What had once been a relatively sizable player among U.S.-grown citrus items in the summer is being scaled back.

California is cutting its production of valencia oranges.


The summer orange crop, which is what we call the valencia orange, is going to be smaller than in the last two or three years,” said Joel Nelsen, president of the Exeter-based California Citrus Mutual.


Why?


“Last year, we had an extremely large crop, and the valencia orange is an alternate-bearing tree,” Nelsen said.
But growers also are moving on to other varieties, as well, Nelsen said.


“We continue to pull out acreage for that variety,” he said. “The general public has basically told us they prefer a better-looking piece of citrus without seeds. As a result of that, they continue to transition to offshore product from South Africa, Australia and even parts of South America now.”


Acreage once devoted to valencias is being transitioned to seedless mandarin and other varieties, including grapefruit, Nelsen said.


“Those are the three largest varieties replacing valencias,” he said.


The state’s acreage remains static, at about 286,000, Nelsen said.


“Our total bearing acreage remains the same just because we’ve been doing this transition for a few years now,” he said. “We’ll eventually get to the point where the valencia orange will be a small component of our overall tonnage, but most people in the industry believe we’re not quite there yet, given supply exceeds demand.”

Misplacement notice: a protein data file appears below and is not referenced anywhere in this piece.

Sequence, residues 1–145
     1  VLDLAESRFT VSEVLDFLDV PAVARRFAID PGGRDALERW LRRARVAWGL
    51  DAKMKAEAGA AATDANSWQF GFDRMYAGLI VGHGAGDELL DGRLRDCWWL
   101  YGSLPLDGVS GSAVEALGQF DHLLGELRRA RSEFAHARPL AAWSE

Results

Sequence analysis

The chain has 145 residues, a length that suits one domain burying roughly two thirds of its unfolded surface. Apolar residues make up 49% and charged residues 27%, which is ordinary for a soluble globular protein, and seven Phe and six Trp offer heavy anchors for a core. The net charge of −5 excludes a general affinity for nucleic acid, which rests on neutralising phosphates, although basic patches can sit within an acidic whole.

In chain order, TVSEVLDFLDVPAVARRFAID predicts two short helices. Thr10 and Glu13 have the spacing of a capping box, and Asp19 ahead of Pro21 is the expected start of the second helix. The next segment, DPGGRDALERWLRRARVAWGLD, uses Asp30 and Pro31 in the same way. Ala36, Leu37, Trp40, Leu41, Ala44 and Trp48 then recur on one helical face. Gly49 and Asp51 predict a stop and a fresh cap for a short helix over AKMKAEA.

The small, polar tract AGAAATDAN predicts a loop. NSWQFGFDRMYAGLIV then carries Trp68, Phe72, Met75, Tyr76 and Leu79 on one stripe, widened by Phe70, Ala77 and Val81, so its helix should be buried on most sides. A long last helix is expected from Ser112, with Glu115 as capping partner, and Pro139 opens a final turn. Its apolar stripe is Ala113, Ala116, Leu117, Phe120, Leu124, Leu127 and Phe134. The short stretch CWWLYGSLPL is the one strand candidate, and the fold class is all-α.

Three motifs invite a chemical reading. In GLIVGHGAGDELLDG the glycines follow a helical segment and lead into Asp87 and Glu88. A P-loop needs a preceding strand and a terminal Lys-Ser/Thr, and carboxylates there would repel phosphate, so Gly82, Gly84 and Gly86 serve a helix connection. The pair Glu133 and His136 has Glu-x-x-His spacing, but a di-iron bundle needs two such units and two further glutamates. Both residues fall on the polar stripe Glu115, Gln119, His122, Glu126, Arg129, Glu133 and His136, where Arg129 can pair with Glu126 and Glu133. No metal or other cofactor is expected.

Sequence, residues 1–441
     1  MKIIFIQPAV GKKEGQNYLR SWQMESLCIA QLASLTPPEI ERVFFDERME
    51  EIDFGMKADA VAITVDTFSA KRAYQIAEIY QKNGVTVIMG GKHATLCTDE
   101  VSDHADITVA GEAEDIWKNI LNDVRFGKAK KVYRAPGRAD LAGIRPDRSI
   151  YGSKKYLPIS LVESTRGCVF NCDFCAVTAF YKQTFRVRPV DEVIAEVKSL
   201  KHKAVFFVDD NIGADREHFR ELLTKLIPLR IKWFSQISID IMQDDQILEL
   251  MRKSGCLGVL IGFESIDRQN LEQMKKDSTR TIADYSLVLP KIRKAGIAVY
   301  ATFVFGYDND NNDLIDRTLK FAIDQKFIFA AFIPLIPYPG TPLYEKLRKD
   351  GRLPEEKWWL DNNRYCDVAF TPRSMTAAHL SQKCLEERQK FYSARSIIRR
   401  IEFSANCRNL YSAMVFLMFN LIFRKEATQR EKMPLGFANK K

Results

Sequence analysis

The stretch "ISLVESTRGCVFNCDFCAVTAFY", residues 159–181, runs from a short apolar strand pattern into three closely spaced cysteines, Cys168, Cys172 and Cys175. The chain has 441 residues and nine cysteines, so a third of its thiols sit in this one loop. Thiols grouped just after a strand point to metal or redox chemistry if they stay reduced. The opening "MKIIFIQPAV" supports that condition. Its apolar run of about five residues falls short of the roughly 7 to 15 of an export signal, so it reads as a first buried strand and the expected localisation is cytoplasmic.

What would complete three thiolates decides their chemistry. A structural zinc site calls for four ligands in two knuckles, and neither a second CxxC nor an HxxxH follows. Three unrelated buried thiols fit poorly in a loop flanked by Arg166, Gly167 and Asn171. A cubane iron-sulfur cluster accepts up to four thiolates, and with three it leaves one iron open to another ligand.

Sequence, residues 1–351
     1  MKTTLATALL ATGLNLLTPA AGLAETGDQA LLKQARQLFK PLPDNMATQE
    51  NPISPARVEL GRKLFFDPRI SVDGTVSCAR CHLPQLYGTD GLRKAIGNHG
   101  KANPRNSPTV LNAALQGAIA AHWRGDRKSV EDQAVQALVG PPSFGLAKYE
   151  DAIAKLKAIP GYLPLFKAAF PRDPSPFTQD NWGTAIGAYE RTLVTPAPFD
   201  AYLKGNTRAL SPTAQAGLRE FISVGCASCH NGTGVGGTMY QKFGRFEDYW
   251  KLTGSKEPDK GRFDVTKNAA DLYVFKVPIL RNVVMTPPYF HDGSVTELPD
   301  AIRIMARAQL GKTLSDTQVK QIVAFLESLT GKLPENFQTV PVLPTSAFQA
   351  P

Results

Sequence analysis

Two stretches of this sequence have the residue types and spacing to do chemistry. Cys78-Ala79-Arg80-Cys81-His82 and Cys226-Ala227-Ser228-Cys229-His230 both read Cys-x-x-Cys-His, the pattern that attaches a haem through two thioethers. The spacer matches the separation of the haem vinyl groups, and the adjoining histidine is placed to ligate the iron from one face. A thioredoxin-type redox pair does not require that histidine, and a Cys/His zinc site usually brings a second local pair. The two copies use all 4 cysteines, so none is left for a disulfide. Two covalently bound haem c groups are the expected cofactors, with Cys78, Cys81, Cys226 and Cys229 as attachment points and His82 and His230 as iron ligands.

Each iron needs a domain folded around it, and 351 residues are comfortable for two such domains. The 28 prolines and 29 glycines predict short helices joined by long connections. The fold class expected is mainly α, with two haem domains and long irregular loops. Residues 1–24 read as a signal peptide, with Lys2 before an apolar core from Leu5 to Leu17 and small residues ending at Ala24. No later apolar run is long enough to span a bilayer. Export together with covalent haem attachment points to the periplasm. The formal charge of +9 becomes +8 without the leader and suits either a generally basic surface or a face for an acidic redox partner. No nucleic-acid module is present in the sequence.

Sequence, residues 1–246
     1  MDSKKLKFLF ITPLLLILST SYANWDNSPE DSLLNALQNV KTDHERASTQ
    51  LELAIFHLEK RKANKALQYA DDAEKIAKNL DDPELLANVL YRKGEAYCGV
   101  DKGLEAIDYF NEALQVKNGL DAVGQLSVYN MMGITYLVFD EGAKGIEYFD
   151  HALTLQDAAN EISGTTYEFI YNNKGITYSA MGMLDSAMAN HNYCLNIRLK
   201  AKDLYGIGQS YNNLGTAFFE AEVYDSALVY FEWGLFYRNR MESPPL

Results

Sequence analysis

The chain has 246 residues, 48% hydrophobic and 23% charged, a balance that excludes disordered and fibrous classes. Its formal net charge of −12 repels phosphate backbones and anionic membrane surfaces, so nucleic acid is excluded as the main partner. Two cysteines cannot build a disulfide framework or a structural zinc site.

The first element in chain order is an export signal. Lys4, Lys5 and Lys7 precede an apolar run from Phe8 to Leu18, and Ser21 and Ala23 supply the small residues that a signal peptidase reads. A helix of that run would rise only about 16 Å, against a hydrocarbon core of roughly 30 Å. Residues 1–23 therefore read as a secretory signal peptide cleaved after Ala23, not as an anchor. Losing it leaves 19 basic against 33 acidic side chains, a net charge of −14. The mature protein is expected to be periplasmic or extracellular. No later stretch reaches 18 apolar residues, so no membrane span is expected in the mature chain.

Some valencias go to the export market, Nelsen said.


“There’s good demand presently for it in Japan and Southeast Asia,” he said. “And we’ve started our harvest, a little bit in March, picked up steam in April. As the navel deal winds down, you’ll see more valencia movement. I’d expect strong movement overseas into May and into June, and we’ll probably reduce our volume significantly during July and early August.”
He said the Asian markets, in particular, are attracted to California citrus.


“I’m biased, of course, but our fruit is more consistently more flavorful,” Nelsen said. “It’s consistently better color on the inside. It consistently has better juice. And it’s price-equal or lower than some of the offshore product.”


But the California valencia isn’t without problems, Nelsen said.


“It is a harder piece of fruit, and our fruit has a tendency to have a slight blush of green on it,” he said. “It’s not the robust orange that a navel is. And this offshore fruit is orange, and as a result, the consumer looks at the cosmetic side of the equation and accepts that as well as the inconsistent flavor in exchange for no seeds and easy to peel.”


Tom Wollenman, general manager of Lindsay, Calif.-based LoBue Bros., said his company does considerable business in valencias with the Asian markets.


“The valencia deal in California is kind of a long, drawn out process,” Wollenman said. “We’ve been into our harvesting program for a couple of months now. Our big markets for those are China, Japan and a more limited amount into Korea.”
Is there much of a domestic market?


“A lot of that is foodservice,” Wollenman said. “It’s a tough market. It’s slow and consumer demand keeps diminishing a little bit each year. We’re competing with the Australian and South African and Chilean navels, now, that go head to head with the valencias. So those kind of displace our valencias’ shelf space a little bit.”


Marc Solomon, president of Fisher Capespan Inc., St. Laurent, Quebec, also said foodservice is a decent market for valencias, when other citrus products haven’t done as well there.


“Traditionally, it has not been, because the foodservice buyer is able to source valencias at a very low price point, and they tend to be very satisfied with the valencia,” Solomon said.